What are the best things about your job?

Harry: Walking into the office when Dave’s in! Also, the complete creativity and freedom. It’s important to be able to exercise your creativity, so it’s amazing we get to do that on a day-to-day basis, as a job. Beginning with a blank sheet of paper and working together to come up with a design that will become a living-breathing garden. And actually creating the garden, which was not so long ago just a sketch on a piece of paper. It’s so exciting to see it come to life. It feels like we’re giving spaces heart and a sense of atmosphere.

Dave: During our international projects, we’ve had to think really hard about which plants would work in the situation and the sense of place – that variation and variety is really fun. If you keep doing the same thing it can get a little monotonous, whereas we’re kind of doing the same job but in a completely different setting. That’s really fun because we’re having to learn about somewhere else in the world. For me that’s a really cool part of it.

How can we encourage more people to get gardening?

Read our book! A lot of people are obsessed with the idea of ‘lifestyle’, which is something Instagram enhances. We like going on walks and camping out under the stars – but you can’t do that everyday. Instead apply those ideals to everyday-life and think about providing a space for yourself where you can stargaze or put a fire bowl and a couple of shrubs to mimic that feeling of being out in the woodlands.

It’s important to show people you can really enhance life and the way you live it through getting outside. Perhaps the word 'gardening' has become a bit old-fashioned – instead call it ‘creating an outdoor space’. It doesn’t have to be complicated – in fact gardening should be all about keeping things simple and not stressing out about making sure the plants are always flowering. It’s great just to have a few shrubs and a couple of plants that are going to give a bit of interest. Plant something that’s going to get you outside on a summers day or a nice evening.

If you’re short of time is it possible to create an amazing garden?

If you choose the right things, gardens don’t need to be hugely managed: things like box?, shrubs and grasses require minimum maintenance. It’s about designing the garden to fit your need and doing a bit of research before starting. It’s easy to have a really high maintenance garden but really you can create an absolutely magical space – that you can even let go a bit wild and unkempt that will give you just the same feeling.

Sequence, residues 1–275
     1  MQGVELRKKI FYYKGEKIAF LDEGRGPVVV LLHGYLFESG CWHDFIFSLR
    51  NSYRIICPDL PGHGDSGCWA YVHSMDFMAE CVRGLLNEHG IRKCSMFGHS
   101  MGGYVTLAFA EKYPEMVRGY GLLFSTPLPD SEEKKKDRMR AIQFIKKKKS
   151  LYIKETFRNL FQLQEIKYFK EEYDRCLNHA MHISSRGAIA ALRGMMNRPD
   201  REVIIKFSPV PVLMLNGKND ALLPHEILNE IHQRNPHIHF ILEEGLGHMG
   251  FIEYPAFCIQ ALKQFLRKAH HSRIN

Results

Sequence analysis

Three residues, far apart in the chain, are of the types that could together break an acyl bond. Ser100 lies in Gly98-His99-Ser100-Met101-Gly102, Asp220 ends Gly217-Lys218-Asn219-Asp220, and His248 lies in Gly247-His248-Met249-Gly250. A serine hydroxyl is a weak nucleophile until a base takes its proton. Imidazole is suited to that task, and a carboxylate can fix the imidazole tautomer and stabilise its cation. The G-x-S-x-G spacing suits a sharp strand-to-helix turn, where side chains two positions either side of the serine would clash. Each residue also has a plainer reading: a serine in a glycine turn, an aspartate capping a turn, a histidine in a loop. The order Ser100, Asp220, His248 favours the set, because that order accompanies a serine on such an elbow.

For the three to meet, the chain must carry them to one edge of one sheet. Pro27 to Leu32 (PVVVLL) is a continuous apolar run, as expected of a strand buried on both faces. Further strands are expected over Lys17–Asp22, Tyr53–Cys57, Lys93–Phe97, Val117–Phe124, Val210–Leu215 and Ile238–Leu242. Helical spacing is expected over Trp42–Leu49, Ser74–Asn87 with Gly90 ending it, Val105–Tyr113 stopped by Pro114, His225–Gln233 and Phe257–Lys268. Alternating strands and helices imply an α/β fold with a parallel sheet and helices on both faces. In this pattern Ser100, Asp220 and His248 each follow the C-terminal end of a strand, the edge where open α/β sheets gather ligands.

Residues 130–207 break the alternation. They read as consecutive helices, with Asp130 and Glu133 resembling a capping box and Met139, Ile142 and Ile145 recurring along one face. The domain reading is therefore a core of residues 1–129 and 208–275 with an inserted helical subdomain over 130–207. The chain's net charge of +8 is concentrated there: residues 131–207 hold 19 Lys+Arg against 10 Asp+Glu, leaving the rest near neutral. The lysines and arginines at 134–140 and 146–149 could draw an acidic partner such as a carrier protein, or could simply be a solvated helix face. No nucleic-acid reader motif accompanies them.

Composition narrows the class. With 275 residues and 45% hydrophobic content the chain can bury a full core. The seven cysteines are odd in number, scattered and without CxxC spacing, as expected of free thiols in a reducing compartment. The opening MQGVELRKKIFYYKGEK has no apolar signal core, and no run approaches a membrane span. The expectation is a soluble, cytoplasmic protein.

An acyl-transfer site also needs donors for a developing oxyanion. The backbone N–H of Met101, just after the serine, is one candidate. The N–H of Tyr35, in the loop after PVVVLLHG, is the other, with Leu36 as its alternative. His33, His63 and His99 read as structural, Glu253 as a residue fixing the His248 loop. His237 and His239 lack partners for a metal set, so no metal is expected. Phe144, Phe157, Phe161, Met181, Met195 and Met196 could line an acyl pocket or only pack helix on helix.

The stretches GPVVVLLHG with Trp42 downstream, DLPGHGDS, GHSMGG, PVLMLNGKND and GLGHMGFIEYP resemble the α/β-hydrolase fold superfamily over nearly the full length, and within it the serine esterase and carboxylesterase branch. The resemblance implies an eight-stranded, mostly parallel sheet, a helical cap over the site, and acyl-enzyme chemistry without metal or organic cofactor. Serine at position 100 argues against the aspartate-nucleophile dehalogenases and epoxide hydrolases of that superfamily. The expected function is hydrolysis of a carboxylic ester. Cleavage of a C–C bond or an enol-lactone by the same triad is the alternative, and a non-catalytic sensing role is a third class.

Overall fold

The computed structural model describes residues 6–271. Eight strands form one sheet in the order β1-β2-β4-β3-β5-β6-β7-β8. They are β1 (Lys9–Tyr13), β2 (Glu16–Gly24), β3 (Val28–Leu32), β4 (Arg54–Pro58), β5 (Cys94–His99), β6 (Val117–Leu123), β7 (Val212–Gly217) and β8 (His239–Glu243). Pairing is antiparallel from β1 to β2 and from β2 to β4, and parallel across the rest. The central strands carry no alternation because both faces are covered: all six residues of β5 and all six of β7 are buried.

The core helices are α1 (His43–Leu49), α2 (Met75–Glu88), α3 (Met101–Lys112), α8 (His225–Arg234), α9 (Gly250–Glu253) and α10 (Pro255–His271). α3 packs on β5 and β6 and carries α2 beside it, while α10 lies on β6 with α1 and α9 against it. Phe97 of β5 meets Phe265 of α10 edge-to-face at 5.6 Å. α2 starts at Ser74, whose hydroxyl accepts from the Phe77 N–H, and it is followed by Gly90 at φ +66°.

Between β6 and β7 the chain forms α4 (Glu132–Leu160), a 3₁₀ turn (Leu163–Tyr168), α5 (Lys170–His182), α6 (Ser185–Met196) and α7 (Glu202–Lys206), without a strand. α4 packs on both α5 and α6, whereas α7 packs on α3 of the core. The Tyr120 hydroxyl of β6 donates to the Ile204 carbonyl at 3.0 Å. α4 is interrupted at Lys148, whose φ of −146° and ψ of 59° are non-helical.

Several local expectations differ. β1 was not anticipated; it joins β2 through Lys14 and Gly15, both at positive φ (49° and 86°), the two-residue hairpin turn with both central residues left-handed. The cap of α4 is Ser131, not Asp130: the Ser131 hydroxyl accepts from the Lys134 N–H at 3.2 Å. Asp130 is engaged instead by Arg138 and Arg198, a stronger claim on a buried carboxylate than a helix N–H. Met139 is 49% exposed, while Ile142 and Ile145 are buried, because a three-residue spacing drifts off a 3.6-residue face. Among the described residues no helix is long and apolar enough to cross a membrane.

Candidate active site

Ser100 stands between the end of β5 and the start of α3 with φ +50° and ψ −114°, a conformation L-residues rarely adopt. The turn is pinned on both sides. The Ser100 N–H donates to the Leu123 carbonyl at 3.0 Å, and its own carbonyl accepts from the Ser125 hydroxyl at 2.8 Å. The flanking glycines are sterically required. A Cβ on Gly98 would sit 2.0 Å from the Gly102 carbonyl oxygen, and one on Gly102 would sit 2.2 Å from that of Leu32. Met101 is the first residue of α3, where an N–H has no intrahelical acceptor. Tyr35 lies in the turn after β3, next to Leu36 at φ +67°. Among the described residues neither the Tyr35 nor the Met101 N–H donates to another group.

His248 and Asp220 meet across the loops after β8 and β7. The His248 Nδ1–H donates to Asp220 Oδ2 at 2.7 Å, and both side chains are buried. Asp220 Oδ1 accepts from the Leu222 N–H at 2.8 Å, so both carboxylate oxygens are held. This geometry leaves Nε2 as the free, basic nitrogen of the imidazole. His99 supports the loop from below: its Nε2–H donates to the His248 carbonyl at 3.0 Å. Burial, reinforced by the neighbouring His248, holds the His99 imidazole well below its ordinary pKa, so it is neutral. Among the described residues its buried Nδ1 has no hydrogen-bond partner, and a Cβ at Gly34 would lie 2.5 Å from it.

People also often make the mistake of thinking they can only get colour from flowers, but some shrubs are so gorgeous and take very little maintenance. Plus they actually give you more interest because they’ll flower for a long time. Specifically, things like dyburnam opulis; which you’ll find in the hedgerows –give an ornamental flower. Cornus or a dogwood are lovely too and also have a lovely ornamental flower. Honeysuckle or even elder – are things you’ll find in hedgerows or in fields. Elderflower is a real tough old guy: it tolerates shade and a bit of sun, plus it gives you flowers and scent AND you can make stuff from it too. So, if you’re short of time, think about planting more shrubs because they need less maintenance. Go for ornamental shrubs and things you can have in pots. Rambling roses – rosa regosa is another hardy plant you’ll often see in fields scrambling over things. That has a nice scent and lovely little flowers but is something that you don’t have to fuss over too much. Shrubs are definitely underused.

You don’t have gardens. Being outdoorsy folk, how do you cope with that?

(Dave) We have lots of plants indoors. We flood the house with them. We’re obsessed! Any way to pretend we do have gardens. I’ve got a little balcony where I have dogwood, a fig tree and some ivy trailing over and some heliboress, plus some ferns in a shady corner. We’ve got a little table and a seat too. It’s amazing that by just having a few plants there, you can make it feel so different. I go and sit outside in the morning to get a little sun. Having that bit of greenery makes all the difference.

Harry: Dave loves his indoor plants so much he showers with them. He waters them in the bath.

Let's nip this in the bud shall we? Thanks guys and happy gardening! 

Sarah Barratt